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Saturday, 16 March 2019

Anti-capitalism and Antisemitism

The centre-right Labour MP Siobhain McDonagh's recent admission that she believes anti-capitalism is akin to antisemitism shouldn't surprise us. The idea that the two are linked has been building for a while, as part of a wider tendency that also treats philosemitism as a narrow political identifier and associates antisemitism with political attitudes far beyond the confines of the Israel/Palestine issue. Morbid symptoms of this include Americans like the TV anchor Meghan McCain (daughter of the late John McCain) claiming a superior empathy with Jews and Jonathan Freedland of The Guardian suggesting that in trying to understand 2008 we instinctively reached for "the archetype of the avaricious Jew". There's a degree of projection in evidence here, with traditional antisemitic tropes being liberally used by the right to characterise anti-Semites as malevolent and traitorous, in particular anti-Zionist Jews, but there is also a sense of centrists seeking to defend capitalism not on its merits but by discrediting its critics.

Ironically, the roots of this latter strain of thinking are to be found on the political left, not in the centre or on the right, and they go back decades. The linking of anti-capitalism and antisemitism originates among Marxists of the New Left who deplored the rigidity of the Stalinist "Two Campism" of the post-war era, and who more recently criticised the lack of a sufficiently structural approach by the anti-globalisation movement in the 1990s and the Occupy movement after 2008. Their essential argument was that a failure to treat capitalism as a system of social relations led to a moralising focus on "bad actors" that left itself vulnerable to conspiracy theories. One of the central thinkers in this tradition was the Canadian academic Moishe Postone, who espied a thread of "vulgar anti-capitalism" overlapping with antisemitism running from the Boer War through the Nazis to the contemporary era: "Anti-Semitism is a revolt against global capital, misrecognized as the Jews."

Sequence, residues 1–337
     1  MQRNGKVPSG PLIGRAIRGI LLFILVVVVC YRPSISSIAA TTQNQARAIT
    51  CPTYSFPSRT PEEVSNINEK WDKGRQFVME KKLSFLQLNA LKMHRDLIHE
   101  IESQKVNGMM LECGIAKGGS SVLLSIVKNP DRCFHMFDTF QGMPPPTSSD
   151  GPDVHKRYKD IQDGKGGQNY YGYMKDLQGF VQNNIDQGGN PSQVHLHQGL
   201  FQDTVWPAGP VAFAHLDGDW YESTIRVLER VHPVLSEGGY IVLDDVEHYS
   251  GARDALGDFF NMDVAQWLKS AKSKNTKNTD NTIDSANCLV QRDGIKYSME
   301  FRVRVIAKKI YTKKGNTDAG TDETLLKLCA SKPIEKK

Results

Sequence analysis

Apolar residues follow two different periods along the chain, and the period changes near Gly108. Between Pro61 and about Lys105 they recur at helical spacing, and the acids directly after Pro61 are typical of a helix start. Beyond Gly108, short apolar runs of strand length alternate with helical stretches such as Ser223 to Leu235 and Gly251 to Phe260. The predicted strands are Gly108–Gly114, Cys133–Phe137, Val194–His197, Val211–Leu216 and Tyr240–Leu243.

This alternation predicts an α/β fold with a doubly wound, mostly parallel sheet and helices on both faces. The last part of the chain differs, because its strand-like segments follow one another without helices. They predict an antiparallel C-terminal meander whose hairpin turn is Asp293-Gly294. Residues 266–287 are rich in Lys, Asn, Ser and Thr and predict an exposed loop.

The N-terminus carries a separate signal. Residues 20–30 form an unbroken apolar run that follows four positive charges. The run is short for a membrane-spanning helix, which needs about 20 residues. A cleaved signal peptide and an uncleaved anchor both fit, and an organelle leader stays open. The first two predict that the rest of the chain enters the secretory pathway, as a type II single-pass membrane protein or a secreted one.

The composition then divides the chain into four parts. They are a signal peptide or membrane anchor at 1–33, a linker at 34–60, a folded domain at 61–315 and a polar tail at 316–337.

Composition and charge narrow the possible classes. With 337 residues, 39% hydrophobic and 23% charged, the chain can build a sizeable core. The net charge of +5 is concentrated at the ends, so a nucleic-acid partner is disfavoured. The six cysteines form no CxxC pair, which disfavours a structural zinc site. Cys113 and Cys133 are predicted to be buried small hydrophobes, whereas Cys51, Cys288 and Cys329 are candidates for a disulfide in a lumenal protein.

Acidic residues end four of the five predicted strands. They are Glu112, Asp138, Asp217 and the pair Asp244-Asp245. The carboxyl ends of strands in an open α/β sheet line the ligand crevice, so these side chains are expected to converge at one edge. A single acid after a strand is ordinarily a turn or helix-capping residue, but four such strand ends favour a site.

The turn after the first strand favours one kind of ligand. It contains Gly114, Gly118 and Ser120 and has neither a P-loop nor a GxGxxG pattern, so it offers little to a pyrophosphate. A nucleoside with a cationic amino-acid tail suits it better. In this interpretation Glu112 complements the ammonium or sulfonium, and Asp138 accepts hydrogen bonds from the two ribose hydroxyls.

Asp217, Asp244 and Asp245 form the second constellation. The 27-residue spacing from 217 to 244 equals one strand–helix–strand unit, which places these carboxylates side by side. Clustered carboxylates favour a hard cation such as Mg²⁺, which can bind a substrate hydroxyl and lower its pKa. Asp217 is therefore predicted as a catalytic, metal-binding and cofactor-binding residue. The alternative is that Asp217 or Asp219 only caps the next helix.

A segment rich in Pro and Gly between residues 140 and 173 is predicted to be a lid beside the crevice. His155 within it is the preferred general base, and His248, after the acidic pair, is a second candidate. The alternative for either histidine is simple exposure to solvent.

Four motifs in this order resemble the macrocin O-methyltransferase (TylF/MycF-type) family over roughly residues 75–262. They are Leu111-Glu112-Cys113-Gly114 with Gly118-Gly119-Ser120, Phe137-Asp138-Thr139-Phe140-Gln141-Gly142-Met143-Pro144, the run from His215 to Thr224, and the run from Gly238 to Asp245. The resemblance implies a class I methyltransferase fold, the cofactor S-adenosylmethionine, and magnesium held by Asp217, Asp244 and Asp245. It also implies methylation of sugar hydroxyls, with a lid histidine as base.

Postone's 1986 essay on Anti-Semitism and National Socialism saw the centrality of the former to the latter as intimately bound up with its anti-capitalist utility: "Anti-Semitism so understood allows one to grasp an essential moment of Nazism as a foreshortened anti-capitalist movement, one characterized by a hatred of the abstract, a hypostatization of the existing concrete and by a single-minded, ruthless—but not necessarily hate-filled—mission: to rid the world of the source of all evil." Of course, this theory runs up against a number of well-known problems: Hitler wasn't a socialist and adopted the term opportunistically ("We might have called ourselves the Liberal Party", he said of the name); he purged the Strasserites, who were certainly vulgar anti-capitalists; he forged a close alliance with German capital both when building the Nazi Party and once in power (and pioneered privatisation along the way); and his antisemitism was "classical" in its focus on ethnicity and its hatred. There is also the small matter of the characterisation of Eastern Jews as verminous sub-humans and "Judaeo-Bolsheviks", rather than an exclusive focus on the haute-bourgeois Jews of Western Europe.